Follow
Share

My mother is in her 90's and has fallen 3 times in the past 6 months; each time requiring a hospital stay. Each time, the doctors have recommended a rehab facility but mom absolutely refuses to go into one -- so, we have in home nursing and therapy 3 times a week, and someone come in each morning to make sure she gets up, bathed, fed, medicated, and gets her situated for the day. I come by after work to fix her dinner and sit with her until she is safely in bed.

Early on, mom would only agree to having the nurse's aid come in Mon-Sat, and every other Sunday because she wanted to have one day without any outsiders in the house. It turned out that on the off Sundays, she would end up calling me to get her out of bed, so we agreed the aid would come in 7 days a week. Last night I confirmed the aid was coming and I called this morning to make sure she was actually here. Mom said aid was probably at a neighbor's and she would be fine.

I called her around 4 to see what she did today and what she wanted for supper. It was then that I learned the aid had not come and mom had been unable to get out of bed the entire day. When I got to her house, I found her still in bed, laying in urine soaked pajamas! I asked her why she hadn't called me earlier and she said she figured she would be able to get up on her own eventually. When I questioned her about the incontinence, she said that she hadn't actually wet the bed, but that every time she moved, a little came out. (A lot came out apparently, because her mattress pad was soaked as well.)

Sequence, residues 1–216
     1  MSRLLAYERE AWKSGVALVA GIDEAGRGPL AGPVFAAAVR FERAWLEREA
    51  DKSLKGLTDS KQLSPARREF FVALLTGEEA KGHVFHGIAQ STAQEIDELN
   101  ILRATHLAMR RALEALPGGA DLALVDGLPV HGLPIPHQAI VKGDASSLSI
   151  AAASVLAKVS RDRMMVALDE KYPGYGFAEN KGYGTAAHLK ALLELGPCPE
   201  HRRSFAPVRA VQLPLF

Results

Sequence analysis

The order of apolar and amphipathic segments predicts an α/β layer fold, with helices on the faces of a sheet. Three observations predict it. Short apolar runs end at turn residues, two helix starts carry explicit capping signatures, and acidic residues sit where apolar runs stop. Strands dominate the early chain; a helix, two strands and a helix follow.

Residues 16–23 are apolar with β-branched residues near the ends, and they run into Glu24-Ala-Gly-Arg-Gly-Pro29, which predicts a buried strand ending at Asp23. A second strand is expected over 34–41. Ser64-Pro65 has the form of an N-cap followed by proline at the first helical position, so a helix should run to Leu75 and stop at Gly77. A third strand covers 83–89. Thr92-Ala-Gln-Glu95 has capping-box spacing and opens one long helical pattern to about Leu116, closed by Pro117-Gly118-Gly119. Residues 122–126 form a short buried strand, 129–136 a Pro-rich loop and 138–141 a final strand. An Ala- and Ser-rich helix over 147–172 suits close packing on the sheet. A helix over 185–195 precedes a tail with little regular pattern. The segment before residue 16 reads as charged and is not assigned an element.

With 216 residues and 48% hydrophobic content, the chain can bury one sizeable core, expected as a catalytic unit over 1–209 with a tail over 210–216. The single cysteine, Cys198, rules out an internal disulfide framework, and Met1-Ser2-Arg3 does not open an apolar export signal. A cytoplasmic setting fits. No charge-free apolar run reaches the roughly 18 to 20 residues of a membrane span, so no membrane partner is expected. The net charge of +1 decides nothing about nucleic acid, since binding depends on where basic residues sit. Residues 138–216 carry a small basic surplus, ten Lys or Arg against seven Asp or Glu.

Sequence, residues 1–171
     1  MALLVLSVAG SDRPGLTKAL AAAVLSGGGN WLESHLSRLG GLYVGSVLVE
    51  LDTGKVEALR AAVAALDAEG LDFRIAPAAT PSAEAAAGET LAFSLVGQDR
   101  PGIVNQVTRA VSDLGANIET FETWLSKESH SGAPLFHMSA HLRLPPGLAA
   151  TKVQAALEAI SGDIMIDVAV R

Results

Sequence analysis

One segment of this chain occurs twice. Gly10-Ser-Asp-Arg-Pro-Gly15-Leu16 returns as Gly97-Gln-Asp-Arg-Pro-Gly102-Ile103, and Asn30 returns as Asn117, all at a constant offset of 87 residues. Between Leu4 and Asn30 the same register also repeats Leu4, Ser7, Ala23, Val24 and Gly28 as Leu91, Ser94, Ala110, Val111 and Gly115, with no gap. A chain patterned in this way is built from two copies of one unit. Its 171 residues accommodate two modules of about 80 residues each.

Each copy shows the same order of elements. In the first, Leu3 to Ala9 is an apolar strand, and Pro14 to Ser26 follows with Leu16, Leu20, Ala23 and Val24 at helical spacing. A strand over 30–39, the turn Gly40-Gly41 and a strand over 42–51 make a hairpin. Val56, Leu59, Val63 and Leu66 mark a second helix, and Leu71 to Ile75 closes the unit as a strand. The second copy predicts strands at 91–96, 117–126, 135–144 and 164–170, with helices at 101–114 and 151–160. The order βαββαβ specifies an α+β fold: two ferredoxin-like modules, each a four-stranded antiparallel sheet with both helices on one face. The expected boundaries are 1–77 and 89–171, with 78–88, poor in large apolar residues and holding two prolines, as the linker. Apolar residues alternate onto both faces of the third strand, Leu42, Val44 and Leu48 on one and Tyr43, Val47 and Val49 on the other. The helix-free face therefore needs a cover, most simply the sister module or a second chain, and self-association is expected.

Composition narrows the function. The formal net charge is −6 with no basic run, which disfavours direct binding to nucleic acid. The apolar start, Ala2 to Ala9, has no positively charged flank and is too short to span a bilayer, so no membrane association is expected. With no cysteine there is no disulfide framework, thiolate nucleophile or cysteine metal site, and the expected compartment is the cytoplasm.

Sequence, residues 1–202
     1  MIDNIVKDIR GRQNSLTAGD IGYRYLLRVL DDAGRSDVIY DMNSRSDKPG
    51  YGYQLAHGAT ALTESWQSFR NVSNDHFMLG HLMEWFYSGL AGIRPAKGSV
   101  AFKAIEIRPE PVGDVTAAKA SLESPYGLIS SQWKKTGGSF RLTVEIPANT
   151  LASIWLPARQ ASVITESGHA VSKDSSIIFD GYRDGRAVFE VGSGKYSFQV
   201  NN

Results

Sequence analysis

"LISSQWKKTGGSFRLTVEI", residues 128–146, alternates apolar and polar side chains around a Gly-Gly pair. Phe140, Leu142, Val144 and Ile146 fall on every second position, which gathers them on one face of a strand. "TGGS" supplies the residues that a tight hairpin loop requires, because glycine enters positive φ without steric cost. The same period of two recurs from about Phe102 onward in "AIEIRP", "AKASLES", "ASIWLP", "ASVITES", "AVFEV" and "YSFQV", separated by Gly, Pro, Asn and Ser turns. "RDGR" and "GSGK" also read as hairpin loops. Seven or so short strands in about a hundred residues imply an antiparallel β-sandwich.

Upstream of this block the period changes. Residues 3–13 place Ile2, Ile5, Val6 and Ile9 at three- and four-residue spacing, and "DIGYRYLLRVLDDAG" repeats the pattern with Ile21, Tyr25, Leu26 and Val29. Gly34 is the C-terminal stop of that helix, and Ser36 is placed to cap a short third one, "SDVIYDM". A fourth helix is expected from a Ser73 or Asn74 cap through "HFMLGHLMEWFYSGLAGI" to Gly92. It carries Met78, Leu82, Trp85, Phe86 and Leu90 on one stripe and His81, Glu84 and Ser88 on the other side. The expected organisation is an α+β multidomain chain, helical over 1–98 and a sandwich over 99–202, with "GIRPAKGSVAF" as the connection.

I got her up out of bed and into the bathroom and she apparently had a lot of urine left inside. She finally finished using the bathroom and bathed herself, and I helped her dry off and get dressed. She's sitting up in the den now and still seems very sleepy and either not willing or not able to carry on a conversation. She's just reading the paper and dozing off. When I ask her if she was sleeping, she insists she was just resting her eyes.

I'm feeling very guilty for not following up to make SURE the aid was here, and also guilty that my mother was laying in her own urine soaked bedding for the entire day. I'm also frustrated that she didn't think it was necessary to call me, or one of her friends in the neighborhood who know her condition.

She steadfastly refuses to give anyone power of attorney and steadfastly refuses to go into assisted living. She's always been fiercely independent and I know she feels a lot of anger and resentment about needing a little help to get up and get through the day.

Having her declared incompetent would destroy her, but I'm not convinced she is capable of making logical decisions about her health and well being. n She's lucid enough to know the basics... day of the week, time of day, what meds she needs to take when, etc.... but when I ask her about her day.... what she did, who she talked to, what she saw on television or read in the paper, she gets annoyed with me.

Her aid, the nurse, and the physical therapist all think she is so witty and wonderful -- but she treats me and her close friends with increasing hostility and accuses us of being bossy.

I really don't know what to do now. Has anyone else experienced a similar progression?

This discussion has been closed for comment. Start a New Discussion.
Find Care & Housing